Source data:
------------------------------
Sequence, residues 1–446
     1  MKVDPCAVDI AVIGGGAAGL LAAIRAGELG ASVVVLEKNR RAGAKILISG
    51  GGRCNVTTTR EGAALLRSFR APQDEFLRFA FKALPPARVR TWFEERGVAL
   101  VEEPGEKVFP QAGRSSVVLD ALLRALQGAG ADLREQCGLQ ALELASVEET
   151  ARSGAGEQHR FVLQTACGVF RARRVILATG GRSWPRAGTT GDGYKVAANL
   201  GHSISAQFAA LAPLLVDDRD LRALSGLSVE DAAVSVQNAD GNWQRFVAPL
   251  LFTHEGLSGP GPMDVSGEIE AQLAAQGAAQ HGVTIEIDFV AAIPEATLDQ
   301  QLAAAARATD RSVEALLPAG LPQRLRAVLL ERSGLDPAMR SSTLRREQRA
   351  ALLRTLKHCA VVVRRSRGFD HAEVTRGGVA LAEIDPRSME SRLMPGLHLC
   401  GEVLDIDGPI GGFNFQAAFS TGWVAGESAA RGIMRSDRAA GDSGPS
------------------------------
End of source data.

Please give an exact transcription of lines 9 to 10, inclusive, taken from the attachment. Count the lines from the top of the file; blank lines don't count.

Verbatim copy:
   351  ALLRTLKHCA VVVRRSRGFD HAEVTRGGVA LAEIDPRSME SRLMPGLHLC
   401  GEVLDIDGPI GGFNFQAAFS TGWVAGESAA RGIMRSDRAA GDSGPS